Tuesday, February 25, 2020

Passenger Meltdown on Southwest Flight 4919

I witnessed my first passenger meltdown that lead to a family being removed from a plane this past Sunday.  New Orleans, MSY airport.  An early afternoon flight.  The players were a black family of 3-4 adults.  Note they were light complexioned black people.  During pre boarding several of them came up to board the plane first.  I could not tell what medical, physical, or mental ailment they had that warranted all the family trying to pre board.  The gate attendant did inform them that only one family member could accompany the person who was approved for pre boarding.  I thought I heard a female adult say she had some condition that supported her pre boarding.  But it did seem as if the gate agent let an additional family member board who probably by the rules should not have done so at that time. One or two of the family members remained in the terminal to board with a later group.

When it came time for my group to board apparently some type of confrontation had already occurred inside the plane regarding someone trying to save a seat for a passenger who was going to board later.  A light complexioned black woman sitting behind us was talking about how the flight attendant had been wrong in moving one of her items.  I thought she was talking about an item in the storage space, but that would be clarified shortly that it was a personal item she had laid on a seat to save the seat for her daughter.

The daughter of the woman came on board.  For some reason the mother who was complaining behind us still made a comment to the daughter that she had been mistreated.  This got the daughter going and she started asking and repeated asking her mother numerous times, "who was it?"  "What happened?"  She was speaking loud enough for people around her to hear her.  The dialogue continued to the point where a flight attendant finally came up to try to calm the situation down. This didn't work as the chatter continued.  This lead to the flight attendant telling the daughter that she needed to get off the plane.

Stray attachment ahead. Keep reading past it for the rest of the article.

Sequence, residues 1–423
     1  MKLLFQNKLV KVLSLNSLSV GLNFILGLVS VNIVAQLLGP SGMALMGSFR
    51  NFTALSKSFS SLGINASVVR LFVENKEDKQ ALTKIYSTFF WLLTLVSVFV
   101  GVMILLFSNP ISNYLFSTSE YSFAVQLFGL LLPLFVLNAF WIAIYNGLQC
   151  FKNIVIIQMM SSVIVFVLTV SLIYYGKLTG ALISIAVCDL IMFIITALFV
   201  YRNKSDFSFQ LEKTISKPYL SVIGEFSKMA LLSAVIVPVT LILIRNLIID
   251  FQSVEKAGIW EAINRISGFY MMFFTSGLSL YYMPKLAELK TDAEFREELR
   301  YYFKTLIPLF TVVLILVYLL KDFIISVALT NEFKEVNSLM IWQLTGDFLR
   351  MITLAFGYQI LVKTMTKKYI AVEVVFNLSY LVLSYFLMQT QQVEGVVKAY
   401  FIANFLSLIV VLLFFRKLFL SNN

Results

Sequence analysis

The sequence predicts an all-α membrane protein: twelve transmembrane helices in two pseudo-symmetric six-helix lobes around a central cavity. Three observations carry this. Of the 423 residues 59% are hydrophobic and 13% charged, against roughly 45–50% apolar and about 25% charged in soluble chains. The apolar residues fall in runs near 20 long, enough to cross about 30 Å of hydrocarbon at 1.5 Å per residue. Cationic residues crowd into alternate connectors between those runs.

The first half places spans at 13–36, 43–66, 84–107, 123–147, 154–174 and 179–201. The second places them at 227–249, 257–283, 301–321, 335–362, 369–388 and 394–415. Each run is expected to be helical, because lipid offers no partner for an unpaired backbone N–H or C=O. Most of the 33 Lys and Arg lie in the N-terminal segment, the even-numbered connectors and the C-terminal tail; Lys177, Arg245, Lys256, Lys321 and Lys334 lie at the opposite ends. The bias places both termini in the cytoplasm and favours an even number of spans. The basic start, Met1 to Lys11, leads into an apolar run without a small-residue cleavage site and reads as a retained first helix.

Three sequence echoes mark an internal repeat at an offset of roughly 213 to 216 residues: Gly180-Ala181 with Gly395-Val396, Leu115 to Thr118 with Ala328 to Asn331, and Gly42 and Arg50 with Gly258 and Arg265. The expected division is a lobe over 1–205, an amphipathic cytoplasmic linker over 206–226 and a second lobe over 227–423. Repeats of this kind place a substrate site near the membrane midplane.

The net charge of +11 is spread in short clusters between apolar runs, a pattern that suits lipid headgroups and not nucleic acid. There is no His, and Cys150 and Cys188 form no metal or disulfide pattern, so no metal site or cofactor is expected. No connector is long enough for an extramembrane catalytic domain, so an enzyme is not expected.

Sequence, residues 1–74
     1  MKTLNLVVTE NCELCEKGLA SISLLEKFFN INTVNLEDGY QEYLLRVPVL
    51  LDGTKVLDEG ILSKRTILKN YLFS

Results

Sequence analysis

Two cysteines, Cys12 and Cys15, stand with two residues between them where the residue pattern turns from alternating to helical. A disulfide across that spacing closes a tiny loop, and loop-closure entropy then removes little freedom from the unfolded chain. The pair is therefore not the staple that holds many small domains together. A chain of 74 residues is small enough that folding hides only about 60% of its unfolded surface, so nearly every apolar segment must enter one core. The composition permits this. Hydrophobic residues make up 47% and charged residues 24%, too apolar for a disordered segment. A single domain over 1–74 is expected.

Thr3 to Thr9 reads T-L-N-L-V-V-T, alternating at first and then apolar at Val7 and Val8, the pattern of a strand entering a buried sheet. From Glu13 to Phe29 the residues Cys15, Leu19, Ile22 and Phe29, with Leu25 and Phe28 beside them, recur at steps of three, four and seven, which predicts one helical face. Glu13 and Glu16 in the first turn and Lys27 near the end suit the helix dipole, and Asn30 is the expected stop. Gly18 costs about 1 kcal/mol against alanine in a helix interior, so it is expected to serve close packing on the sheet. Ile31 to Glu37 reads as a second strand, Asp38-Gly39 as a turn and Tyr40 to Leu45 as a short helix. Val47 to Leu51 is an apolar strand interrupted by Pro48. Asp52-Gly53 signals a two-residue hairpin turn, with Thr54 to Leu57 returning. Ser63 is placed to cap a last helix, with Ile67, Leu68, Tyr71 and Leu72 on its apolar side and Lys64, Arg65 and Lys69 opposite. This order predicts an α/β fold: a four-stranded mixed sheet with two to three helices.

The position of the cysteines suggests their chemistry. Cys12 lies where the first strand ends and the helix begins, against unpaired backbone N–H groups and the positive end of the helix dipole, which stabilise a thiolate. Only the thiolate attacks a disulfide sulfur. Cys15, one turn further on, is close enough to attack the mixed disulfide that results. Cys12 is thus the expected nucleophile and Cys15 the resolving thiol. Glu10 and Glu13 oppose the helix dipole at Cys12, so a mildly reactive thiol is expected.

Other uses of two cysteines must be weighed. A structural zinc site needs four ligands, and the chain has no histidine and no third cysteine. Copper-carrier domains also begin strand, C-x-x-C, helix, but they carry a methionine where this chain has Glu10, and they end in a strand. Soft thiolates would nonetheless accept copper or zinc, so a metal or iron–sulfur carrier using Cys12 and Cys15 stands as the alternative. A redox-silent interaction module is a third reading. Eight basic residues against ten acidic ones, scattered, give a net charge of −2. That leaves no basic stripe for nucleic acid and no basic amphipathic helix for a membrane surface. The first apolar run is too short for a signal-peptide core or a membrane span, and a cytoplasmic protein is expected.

Now that of course got the daughter going into overdrive and she said she refused to get off.  She wanted to know why.  Then she explained numerous times that all she had done was go to use the rest room in the back of the plane and then come back to her seat.  I was under the assumption that maybe she had tried to confront the person or flight attendant who had either moved her mom's item from a seat or had complained to the attendant about the attempt to save the seat.

All of this resulted in security getting on the plane and after a 30 minute delay the woman and her two parents left the plane.  The daughter raised the complaint that it was a racial issue.  I think basically it came down to Southwest getting relaxed on allowing passengers to try to save seats for other people and not enforcing the no saved seat rule.  Also, I don't recall the Gate Agent or flight attendants reminding people that seats could not and should not be saved.  Southwest, in my opinion, was therefore complacent in allowing the situation to occur and escalate to the point it did.

When I returned home I sent a complaint letter to Southwest.  Southwest responded that they would be conducting an investigation of the incident and someone would respond within 30 days.

The lessons learned.  If you feel you have been wronged do not create a spectacle on the plane.  That behavior will guarantee that you will be seen as a possible threat or that you might initiated a follow up disturbance once the plane departs.  Document your complaint and file it after you get to your destination.  In this case the daughter and her parents likely did not get home at a convenient hour that day.  The mother should not have shared what she went through with the daughter.  All she did was get her daughter riled up to the point that they were all removed from the plane.  The gate attendant who had allowed the mother to board should likely be reprimanded as her actions assisted in creating the follow up drama of the mother attempting to save a seat.  Southwest airlines should clearly restate the no saved seat policy verbally as passengers are lining up for their boarding group.  Flight attendants on the plane should verbally remind passengers that there is no policy that allows them to save seats for other.

I await the decision of Southwest.  Many parties were at fault.  All of us passengers suffered a 30 minute plus delay based on the attempt of people to save a seat for someone else.  Selfish behavior inconvenienced us all.